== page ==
Government set to crack down further on reverse mortgages

The federal government is getting ready for round two of the Great Reverse Mortgage Crackdown.

Earlier this year, the Department of Housing and Urban Development eliminated one of the most risky reverse mortgage programs – upfront lump-sum loans issued at fixed interest rates. Now, it is proposing to further discourage big lump-sum reverse mortgages by limiting the amount borrowers could get from variable rate loans, too.

HUD also wants to tighten things up by adding a feature you would expect to find when applying for any other type of major loan: an upfront financial assessment to determine the borrower’s financial fitness to take on a reverse mortgage.

Learn more in my Reuters Money column today.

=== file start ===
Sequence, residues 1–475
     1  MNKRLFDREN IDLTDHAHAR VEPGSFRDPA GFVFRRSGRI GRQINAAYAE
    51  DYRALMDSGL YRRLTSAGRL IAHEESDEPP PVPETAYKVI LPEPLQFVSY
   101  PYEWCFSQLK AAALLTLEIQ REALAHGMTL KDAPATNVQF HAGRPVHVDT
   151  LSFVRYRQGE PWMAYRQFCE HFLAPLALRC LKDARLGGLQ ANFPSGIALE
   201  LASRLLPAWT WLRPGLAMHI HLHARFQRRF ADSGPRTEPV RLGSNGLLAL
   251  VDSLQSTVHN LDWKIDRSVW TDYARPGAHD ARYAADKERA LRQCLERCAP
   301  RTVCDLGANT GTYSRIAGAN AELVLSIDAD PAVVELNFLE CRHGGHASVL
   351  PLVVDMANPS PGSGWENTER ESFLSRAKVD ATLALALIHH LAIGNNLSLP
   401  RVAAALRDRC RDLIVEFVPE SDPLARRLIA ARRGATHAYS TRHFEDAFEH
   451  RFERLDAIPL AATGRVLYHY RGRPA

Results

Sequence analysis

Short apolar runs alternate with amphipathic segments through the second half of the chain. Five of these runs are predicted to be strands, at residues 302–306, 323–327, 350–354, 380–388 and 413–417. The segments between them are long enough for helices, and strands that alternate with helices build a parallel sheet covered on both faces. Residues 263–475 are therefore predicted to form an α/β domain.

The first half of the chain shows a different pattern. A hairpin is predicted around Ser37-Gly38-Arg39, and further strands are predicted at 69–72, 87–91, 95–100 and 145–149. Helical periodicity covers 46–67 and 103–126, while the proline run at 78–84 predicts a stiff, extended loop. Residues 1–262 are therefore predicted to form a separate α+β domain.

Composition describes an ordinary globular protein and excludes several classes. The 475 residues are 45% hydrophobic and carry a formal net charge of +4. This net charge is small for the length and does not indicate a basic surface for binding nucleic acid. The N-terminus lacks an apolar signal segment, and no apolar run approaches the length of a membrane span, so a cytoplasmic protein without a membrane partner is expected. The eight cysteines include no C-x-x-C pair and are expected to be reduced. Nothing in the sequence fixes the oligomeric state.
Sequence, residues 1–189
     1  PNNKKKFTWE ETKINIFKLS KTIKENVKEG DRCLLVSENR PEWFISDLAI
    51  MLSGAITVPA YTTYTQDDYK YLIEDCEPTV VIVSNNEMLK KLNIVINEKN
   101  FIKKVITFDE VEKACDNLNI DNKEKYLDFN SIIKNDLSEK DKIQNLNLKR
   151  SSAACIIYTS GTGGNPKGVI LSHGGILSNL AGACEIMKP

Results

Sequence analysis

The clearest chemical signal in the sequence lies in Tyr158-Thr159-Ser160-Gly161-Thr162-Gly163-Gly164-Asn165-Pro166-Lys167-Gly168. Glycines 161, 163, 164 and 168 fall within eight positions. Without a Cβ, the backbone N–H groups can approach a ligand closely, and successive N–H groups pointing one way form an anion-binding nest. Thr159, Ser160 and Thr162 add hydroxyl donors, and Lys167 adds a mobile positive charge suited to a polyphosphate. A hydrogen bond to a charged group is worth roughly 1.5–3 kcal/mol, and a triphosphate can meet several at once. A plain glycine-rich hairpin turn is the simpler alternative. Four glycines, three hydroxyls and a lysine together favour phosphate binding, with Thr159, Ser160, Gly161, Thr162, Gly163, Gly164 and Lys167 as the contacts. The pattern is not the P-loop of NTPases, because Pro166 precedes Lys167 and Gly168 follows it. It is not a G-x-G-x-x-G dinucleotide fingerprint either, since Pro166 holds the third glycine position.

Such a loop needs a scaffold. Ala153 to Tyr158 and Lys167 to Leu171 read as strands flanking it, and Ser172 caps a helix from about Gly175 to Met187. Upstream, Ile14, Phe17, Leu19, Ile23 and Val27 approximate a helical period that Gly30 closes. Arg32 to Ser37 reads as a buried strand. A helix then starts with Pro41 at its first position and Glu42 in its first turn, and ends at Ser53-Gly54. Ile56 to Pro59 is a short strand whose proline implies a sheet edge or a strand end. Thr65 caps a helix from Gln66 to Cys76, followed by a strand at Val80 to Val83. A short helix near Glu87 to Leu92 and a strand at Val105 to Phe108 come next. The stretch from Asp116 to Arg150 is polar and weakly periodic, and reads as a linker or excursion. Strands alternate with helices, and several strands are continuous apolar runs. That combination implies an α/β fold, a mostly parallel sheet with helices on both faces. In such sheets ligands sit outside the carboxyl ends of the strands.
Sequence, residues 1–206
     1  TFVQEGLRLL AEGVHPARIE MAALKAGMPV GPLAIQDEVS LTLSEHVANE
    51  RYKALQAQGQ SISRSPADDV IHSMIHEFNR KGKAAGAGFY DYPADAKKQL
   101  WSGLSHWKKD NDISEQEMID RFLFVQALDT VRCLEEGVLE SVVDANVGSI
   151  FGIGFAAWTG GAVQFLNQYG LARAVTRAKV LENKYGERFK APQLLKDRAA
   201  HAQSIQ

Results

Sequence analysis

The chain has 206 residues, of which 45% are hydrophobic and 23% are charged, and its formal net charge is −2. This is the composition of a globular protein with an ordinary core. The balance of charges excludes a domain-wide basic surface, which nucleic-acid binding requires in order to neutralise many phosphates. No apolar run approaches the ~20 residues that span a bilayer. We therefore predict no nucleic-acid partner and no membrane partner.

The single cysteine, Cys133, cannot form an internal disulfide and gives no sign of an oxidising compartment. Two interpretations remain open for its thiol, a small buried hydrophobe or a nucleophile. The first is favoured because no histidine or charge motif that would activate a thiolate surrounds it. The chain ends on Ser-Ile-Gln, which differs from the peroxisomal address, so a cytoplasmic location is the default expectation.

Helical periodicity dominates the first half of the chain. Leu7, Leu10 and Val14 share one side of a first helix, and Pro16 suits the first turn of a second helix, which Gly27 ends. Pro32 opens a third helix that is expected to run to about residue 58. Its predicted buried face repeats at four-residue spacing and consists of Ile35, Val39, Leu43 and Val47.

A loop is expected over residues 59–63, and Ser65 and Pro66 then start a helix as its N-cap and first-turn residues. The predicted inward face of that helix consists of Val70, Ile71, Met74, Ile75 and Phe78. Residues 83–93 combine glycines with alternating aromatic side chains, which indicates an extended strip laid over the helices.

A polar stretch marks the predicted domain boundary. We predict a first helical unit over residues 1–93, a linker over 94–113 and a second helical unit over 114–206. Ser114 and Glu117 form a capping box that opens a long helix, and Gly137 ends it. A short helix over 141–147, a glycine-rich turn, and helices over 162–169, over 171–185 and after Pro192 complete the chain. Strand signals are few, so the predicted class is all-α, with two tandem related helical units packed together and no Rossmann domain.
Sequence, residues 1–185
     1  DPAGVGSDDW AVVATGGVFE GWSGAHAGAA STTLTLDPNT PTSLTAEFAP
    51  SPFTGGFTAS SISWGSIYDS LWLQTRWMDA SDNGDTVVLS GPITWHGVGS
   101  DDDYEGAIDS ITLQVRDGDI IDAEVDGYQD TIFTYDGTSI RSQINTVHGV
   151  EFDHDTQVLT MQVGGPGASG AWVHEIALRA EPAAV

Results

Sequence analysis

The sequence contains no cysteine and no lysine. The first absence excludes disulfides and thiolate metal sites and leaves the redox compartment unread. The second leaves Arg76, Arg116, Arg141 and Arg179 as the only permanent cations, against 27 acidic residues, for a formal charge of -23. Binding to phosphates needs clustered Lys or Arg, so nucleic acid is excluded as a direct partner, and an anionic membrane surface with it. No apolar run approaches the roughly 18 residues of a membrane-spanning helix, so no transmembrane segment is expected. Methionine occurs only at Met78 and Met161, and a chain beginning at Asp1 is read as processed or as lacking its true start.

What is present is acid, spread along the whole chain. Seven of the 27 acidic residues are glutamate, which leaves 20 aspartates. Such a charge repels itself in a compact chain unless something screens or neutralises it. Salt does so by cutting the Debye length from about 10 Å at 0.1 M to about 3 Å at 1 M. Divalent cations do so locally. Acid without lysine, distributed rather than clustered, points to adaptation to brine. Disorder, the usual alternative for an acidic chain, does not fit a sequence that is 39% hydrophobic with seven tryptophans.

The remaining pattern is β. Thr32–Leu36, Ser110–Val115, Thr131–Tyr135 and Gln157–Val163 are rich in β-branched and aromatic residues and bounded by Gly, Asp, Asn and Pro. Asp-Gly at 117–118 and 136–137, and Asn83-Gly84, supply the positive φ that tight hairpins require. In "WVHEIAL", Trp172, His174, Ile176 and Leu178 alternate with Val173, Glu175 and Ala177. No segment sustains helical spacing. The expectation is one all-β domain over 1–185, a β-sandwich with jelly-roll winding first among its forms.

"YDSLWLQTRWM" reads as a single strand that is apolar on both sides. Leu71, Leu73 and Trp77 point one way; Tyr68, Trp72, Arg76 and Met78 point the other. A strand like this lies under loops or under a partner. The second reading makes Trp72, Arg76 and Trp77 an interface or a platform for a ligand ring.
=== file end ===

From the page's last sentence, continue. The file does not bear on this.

August 9 update: President Obama signed reform legislation requested by the U.S. Department of Housing and Urban Development. This means the standard HECM loan program will continue, but borrowers will be required to undergo financial assessments that look at free cash flow, credit scores and obligations for property taxes, hazard insurance, homeowner association dues, utilities and other debt. Borrowers with risky-looking financial profiles would have to set aside funds from the loan proceeds to cover their future tax and insurance obligations. Loan amounts also will be reduced.